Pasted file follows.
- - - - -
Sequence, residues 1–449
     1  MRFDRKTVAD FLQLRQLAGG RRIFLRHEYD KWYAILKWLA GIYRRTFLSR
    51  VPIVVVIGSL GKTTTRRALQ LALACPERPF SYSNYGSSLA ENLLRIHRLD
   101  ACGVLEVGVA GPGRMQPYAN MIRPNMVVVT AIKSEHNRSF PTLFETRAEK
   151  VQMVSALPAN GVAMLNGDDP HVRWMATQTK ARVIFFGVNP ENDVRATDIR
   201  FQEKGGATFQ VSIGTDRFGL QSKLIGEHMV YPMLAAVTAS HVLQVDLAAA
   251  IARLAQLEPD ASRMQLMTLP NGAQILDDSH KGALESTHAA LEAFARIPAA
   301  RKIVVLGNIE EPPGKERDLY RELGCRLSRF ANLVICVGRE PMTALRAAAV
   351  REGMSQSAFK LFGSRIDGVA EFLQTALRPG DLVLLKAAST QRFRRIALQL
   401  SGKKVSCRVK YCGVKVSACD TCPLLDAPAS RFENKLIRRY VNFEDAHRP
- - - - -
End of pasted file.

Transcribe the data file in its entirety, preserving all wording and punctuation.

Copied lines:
Sequence, residues 1–449
     1  MRFDRKTVAD FLQLRQLAGG RRIFLRHEYD KWYAILKWLA GIYRRTFLSR
    51  VPIVVVIGSL GKTTTRRALQ LALACPERPF SYSNYGSSLA ENLLRIHRLD
   101  ACGVLEVGVA GPGRMQPYAN MIRPNMVVVT AIKSEHNRSF PTLFETRAEK
   151  VQMVSALPAN GVAMLNGDDP HVRWMATQTK ARVIFFGVNP ENDVRATDIR
   201  FQEKGGATFQ VSIGTDRFGL QSKLIGEHMV YPMLAAVTAS HVLQVDLAAA
   251  IARLAQLEPD ASRMQLMTLP NGAQILDDSH KGALESTHAA LEAFARIPAA
   301  RKIVVLGNIE EPPGKERDLY RELGCRLSRF ANLVICVGRE PMTALRAAAV
   351  REGMSQSAFK LFGSRIDGVA EFLQTALRPG DLVLLKAAST QRFRRIALQL
   401  SGKKVSCRVK YCGVKVSACD TCPLLDAPAS RFENKLIRRY VNFEDAHRP